Shopmamie.com also offers customers special discounts for being a Facebook fan. “It’s just an added incentive to keep updated with us,” said Trelenberg. “We want to draw as many new customers and fans to us as possible, so we try to create as much interest and buzz as possible. Facebook helps get people to our site… and generates sales for us.”

Whiner & Diner Eco-Chic Pet Accessories
Whiner & Diner Eco-Chic Pet Accessories
(Click for larger image)

Become an Expert

For Catherine Simms, the co-owner of Whiner & Diner Eco-Chic Pet Accessories, writing articles to establish herself as an expert on pet care, has been a leading source of new customer acquisition. For example, when it occurred to Simms that many dog owners were not aware that an elevated feeder (which Whiner & Diner sells) is better for their dog, she decided to write about it.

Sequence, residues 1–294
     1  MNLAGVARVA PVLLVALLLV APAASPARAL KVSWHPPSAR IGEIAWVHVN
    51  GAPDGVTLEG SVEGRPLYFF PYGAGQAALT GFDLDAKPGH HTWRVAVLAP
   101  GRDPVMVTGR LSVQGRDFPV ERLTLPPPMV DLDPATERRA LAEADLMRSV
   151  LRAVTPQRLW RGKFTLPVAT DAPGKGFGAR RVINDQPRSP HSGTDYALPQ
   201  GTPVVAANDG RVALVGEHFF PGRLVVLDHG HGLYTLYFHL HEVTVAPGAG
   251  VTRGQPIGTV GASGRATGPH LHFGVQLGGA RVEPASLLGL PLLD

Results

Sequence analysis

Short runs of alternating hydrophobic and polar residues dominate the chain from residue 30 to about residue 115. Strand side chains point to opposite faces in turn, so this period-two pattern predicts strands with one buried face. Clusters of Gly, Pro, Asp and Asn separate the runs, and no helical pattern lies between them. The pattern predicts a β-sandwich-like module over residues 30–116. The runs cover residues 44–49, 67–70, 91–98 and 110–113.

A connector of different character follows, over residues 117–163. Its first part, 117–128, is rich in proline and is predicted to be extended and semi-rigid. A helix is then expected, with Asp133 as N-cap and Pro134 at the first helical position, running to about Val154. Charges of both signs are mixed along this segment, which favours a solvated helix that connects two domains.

She then posted her article, “The Healthy Benefits of Elevated Dog Feeders,” which included information about and a link to Whiner & Diner, on her site, on her blog and on several online article submission sites. The article took off, getting picked up by other sites and shared by pet owners, which in turn brought new customers to Whiner & Diner. The only cost to Simms was a bit of time and energy.

Koa Coffee Plantation
Koa Coffee Plantation
(Click for larger image)

Use Affiliate Marketing

Linda Caroll, who is in charge of “all things Internet” for Koa Coffee Plantation, a small Kona coffee plantation in Hawaii, likes to quote department store magnate John Wanamaker on the difficulty of reaching new customers: “Half the money I spend on advertising is wasted; trouble is I don’t know which half.”